Brenda Villa Foundation

Villa started the Brenda Villa Foundation in order to help fix this problem, to pay it forward to those who weren’t as fortunate as she was growing up with access to water sports.

Brenda Villa

“I’m a mom and I want there to be more diversity in my sport for many reasons. And it goes back to water safety and access and opportunities,” Villa said. “I was really lucky to be born in the city, and I often say water polo found me.”

And Ray commissioned Tyler Sadler and Lourdes Cejas of SoCal Cerveceras to find the perfect ingredients to make Agua de Oro. They used lemon from a woman-owned farm called Sow a Heart, a New Zealand hop called Motueka to provide lime and citrus notes, and a variety of other ingredients to make a “super crushable, highly drinkable lager,” Sadler said.

Utilizing resources from women and minorities was important to Sadler, who, as an African American woman, is a minority in the beer industry. Sadler feels that the industry still has much to work on, but is becoming much more diverse and inclusive overall.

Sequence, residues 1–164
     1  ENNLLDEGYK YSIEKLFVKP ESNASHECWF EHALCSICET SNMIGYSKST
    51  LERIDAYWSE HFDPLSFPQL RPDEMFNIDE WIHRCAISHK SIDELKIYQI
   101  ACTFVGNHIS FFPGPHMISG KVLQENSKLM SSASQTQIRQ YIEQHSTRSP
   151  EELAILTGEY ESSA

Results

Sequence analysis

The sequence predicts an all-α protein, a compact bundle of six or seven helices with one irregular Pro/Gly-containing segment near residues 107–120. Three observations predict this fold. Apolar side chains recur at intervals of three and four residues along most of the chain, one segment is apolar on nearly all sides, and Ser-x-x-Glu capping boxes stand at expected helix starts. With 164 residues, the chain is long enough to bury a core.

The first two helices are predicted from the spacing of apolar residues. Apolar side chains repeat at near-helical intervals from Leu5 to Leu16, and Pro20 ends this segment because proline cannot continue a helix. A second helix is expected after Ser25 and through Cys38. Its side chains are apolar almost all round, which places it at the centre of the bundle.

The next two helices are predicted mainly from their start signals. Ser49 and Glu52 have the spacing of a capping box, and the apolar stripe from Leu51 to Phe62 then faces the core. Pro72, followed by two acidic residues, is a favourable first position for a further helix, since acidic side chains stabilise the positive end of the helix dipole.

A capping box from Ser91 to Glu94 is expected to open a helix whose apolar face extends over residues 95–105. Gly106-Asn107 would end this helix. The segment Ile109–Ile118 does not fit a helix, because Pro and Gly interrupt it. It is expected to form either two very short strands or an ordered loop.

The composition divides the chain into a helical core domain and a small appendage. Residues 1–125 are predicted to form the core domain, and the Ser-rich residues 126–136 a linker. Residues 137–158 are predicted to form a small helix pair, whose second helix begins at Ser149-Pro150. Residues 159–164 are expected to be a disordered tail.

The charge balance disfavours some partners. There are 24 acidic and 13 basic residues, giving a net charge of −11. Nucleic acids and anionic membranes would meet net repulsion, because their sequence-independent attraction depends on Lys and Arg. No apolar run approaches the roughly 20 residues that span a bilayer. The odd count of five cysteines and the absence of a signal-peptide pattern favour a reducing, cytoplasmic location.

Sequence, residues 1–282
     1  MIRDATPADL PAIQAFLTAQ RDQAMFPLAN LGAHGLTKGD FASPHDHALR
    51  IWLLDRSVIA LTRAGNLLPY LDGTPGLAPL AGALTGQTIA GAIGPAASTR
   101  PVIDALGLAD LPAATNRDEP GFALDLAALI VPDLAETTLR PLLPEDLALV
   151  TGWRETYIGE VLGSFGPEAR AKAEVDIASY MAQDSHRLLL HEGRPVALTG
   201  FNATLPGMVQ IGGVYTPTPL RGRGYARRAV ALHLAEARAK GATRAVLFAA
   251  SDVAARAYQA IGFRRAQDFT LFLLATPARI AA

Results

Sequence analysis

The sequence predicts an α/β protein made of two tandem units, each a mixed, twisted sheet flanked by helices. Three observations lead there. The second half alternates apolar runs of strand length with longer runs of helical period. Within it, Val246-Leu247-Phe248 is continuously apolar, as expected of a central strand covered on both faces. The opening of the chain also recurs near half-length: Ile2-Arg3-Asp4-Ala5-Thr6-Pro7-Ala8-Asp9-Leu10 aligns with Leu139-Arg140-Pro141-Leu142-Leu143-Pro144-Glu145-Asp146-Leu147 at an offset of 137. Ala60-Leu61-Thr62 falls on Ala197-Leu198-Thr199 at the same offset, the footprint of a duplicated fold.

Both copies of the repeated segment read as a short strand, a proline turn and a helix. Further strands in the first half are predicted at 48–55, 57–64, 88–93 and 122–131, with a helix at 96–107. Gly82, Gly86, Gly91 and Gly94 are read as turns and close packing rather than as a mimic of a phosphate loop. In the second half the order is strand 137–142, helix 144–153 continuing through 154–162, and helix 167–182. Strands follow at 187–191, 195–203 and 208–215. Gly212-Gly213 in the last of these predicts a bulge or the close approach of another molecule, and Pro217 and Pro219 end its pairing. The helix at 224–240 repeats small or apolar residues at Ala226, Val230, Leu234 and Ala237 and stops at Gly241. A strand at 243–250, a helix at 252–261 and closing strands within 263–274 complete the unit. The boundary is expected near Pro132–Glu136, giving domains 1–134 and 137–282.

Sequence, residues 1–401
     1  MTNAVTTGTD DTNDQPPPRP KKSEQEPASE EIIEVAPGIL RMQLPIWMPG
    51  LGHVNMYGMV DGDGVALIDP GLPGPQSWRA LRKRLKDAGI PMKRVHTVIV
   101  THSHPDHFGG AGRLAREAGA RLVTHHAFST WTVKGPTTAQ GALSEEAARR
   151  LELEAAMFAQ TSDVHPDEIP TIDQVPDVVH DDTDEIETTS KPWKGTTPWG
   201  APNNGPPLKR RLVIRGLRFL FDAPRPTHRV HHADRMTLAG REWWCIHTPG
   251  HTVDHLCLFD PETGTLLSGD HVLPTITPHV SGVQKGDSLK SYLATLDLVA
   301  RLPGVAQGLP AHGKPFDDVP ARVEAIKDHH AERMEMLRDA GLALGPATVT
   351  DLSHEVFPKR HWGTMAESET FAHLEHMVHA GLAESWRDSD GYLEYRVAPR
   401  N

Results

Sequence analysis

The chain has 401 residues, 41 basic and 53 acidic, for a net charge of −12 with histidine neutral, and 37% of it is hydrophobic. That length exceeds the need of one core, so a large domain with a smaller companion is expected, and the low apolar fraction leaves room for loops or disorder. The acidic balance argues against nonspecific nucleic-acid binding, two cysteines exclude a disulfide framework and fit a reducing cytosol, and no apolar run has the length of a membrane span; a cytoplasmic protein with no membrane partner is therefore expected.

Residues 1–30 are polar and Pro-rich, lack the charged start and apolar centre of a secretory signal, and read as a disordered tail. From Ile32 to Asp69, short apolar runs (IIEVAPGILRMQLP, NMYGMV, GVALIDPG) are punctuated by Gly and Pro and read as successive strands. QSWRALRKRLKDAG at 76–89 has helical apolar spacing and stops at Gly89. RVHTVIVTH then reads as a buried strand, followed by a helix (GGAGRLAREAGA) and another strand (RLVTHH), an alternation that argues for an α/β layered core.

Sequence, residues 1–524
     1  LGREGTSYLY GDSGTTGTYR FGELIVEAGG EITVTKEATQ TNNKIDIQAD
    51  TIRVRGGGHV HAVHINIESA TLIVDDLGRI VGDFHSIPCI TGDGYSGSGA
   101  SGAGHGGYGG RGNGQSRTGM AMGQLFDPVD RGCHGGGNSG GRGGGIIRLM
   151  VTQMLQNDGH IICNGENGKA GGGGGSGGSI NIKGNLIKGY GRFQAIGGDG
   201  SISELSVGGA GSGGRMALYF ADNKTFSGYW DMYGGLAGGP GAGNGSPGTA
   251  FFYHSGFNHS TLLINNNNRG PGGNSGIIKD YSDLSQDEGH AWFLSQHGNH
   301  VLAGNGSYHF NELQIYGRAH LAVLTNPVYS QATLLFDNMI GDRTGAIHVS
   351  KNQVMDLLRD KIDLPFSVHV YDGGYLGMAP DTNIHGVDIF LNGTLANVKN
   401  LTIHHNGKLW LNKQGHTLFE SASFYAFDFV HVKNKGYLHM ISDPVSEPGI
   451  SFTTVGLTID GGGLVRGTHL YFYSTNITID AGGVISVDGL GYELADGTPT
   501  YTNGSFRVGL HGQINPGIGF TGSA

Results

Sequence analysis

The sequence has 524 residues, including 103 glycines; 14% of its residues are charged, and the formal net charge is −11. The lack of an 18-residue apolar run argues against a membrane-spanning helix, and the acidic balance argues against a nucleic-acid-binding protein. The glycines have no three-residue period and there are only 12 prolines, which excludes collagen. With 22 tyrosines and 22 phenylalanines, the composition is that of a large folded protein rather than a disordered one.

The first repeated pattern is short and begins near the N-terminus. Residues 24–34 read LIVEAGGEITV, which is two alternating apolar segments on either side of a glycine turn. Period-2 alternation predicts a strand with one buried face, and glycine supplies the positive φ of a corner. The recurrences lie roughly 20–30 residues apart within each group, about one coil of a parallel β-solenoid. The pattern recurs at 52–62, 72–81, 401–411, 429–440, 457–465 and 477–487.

“I also feel like there’s definitely a huge push in education and foundations…that are pushing and motivating people of color, women, minorities, etcetera to get into the industry and just go for it, pursue it, be that one out of 50 people in your community that look the way you do,” Sadler said.

It’s rare to find these sort of collaborations in business, not to mention in the context of ethnic celebrations like Hispanic Heritage Month, but business lawyer and strategist Alex Bruno says that it could become part of a larger, more positive trend led by Latinos.

“People are being active about it and saying…if you’re a big corporate company, don’t just pay lip service to us by changing the colors of your cans or adding some certain type of music to your commercial or putting brown faces in your commercials, but actually do something, commit to something,” Bruno said.

“Can you really put your money where your mouth is as opposed to just trying to pander to a certain community during the month?”

The only pandering happening is to people’s impulse to drink good beer and support a good cause. Agua de Oro is available on tap at Alchemy Craft at BLVD MRKT in Montebello, which will host a launch party Saturday, September 17th at 7 p.m.. The beer will also be available in 16-ounce cans, designed by Latina illustrator Blanca Molina, in the Los Angeles and Orange County area.

Villa will be at the launch party, happily displaying her gold medals and inspiring others to share in the telling of the Latino experience for this Hispanic Heritage Month.

“If we don’t tell our stories, who will?” Villa said. “Hopefully there’s just so many stories that everyone’s forced to tell them.”


About the author

Leonardo Poareo

Leonardo earned a master's of public policy at USC, and enjoys politics, writing, and comedy. He lives in Simi Valley, California.